Hi Andy. First, let me thank you once again for sticking with this ongoing
saga. Next time I'm in North Carolina, I'll buy you a beer!
On 2 Mar 2010, at 0831h, Andy Kurth wrote:
> You will need to watch the VM console after the VM is turned on in order to
> troubleshoot this. You should see the following:
> -VM is turned on
> -Sysprep minisetup runs, VM is rebooted
> -When Windows boots up for the first time, the root account is automatically
> logged on
> -A few black command boxes appear on the desktop, the one in the back is
> named post_load.cmd
> -When the command boxes close, root is logged off
> -At this point, the computer should respond to SSH
I see the VM turn on, sysprep runs, VM reboots, but then after Windows loads it
just stays at the login window.
> You should be able to log on as root via the VMware console. The password
> should be the one configured as WINDOWS_ROOT_PASSWORD /etc/vcl/vcld.conf.
> After logging in, view the log files generated by the VCL scripts. All of
> the output generated by the scripts gets saved into files in
I can indeed login as root via the console, with the password I put in
vcld.conf. However, there is no log folder in C:\cygwin\home\root\vcl - just
Drivers, Scripts, Security and Utilities. Which, after poking around a bit,
means that post_load has not run, yes?
If I run post_load manually, everything seems to move along nicely, but after
it logs out, I can no longer login as root. It doesn't let me type a password,
even though it's asking for one.
Interestingly, if I make a reservation at this point, the reservation appears
to be set up properly, and is acknowledged through the web interface, but when
I try to login via RDC, it fails, acting like there's no machine to talk to.
(And, yes, I'm trying to connect from the same machine I clicked the "Connect!"
button on.) The vcld log suggests all is well (there's lots of log, as you'd
know - let me know if I should send you any of it.)
Trying to ssh or ping the vm on its public address fails, but that might be
> The troubleshooting steps depend largely on whether or not you see root being
> automatically logged on.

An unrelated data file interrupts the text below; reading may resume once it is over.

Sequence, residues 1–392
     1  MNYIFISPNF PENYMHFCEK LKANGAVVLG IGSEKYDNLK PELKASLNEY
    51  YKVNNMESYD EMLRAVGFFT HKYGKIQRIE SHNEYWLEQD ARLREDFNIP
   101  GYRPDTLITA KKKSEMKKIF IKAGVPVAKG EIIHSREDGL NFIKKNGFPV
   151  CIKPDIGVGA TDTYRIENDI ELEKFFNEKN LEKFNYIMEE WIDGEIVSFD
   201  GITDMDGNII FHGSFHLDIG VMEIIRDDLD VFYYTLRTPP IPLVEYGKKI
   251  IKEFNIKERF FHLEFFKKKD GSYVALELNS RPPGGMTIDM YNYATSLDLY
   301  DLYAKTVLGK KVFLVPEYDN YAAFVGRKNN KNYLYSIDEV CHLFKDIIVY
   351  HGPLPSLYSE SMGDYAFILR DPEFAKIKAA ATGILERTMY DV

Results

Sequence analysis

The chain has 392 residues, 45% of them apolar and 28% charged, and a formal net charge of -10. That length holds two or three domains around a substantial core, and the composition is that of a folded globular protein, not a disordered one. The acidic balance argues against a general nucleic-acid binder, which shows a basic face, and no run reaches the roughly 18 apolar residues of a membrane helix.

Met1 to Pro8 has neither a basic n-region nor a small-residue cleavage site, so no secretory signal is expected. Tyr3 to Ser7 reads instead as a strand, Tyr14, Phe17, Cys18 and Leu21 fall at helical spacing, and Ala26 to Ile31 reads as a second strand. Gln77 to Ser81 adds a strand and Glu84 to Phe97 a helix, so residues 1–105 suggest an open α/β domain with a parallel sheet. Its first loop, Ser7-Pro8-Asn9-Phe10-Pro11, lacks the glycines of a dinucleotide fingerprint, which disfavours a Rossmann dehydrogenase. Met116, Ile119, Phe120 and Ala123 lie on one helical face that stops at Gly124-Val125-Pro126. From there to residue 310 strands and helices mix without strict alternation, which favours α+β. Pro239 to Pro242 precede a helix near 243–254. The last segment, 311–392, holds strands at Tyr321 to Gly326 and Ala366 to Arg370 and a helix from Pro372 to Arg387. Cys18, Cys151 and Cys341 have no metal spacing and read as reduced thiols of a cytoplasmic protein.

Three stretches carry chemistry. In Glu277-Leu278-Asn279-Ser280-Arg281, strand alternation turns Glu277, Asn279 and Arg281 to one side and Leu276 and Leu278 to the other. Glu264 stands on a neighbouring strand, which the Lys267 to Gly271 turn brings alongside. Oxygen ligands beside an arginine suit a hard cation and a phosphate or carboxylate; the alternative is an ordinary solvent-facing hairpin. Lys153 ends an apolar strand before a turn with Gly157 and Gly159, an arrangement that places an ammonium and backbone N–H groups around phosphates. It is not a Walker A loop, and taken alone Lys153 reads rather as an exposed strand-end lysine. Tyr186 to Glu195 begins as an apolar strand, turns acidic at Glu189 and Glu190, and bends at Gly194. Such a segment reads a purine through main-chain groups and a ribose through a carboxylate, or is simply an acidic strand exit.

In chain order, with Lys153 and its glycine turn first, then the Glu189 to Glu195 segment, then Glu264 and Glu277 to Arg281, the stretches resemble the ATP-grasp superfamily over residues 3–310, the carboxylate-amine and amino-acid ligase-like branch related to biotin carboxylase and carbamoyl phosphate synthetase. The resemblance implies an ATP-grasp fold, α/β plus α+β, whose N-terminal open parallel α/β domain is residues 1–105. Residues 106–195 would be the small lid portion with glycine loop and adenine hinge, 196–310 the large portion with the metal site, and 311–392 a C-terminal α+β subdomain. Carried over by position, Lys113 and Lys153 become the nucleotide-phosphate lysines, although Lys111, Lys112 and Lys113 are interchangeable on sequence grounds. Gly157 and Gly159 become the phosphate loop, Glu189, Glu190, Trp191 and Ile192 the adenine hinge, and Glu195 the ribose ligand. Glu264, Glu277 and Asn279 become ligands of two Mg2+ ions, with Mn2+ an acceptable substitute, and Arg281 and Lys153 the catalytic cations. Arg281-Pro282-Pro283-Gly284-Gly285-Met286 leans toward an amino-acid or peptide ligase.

> If root is not logged on automatically, the problem can probably be found in
> sysprep_cmdlines.log and the files in Logs\sysprep_cmdlines directory. These
> files are generated during the Sysprep minisetup stage when
> Scripts\sysprep_cmdlines.cmd runs. This script configures root's autologon
> and sets a registry key to cause Scripts\post_load.cmd to run after root is
> automatically logged on.
> If it's attempting to log on root but failing because of a credentials
> problem, the cause could be that the password was not correctly configured in
> Scripts\autologon_enable.cmd. Check the "set PASSWORD=" line in this file.
The autologin_enable script has the correct password, and when I run it then
restart, autologin works.
> If root is being logged on, first check if the Cygwin SSHD service is running
> and if the firewall has an exception for TCP port 22. Be sure to check both
> the middle "Exceptions" tab and the settings for each adapter under the
> "Advanced" tab for the exception. My guess is that SSHD failed to start.
> The problem can probably be found in Logs\post_load.log and in the files in
> the Logs\post_load directory. Check Logs\update_cygwin.cmd for errors.
> As you'll see in the log files, there's a lot that has to happen in order for
> everything to work correctly. The output from the log files will be helpful
> in order to figure this out.
Poking around in the scripts folder, I see that this whole post-load series of
events is contingent on Sysprep running sysprep_cmdlines, which perhaps it's
not doing. Does it matter that the sysprep.inf file includes
"InstallFilesPath=C:\sysprep\i386"? This doesn't seem right to me, but to
change it I'd need to alter the base image, which frightens me. So, I'll await
your reply before trying anything that crazy.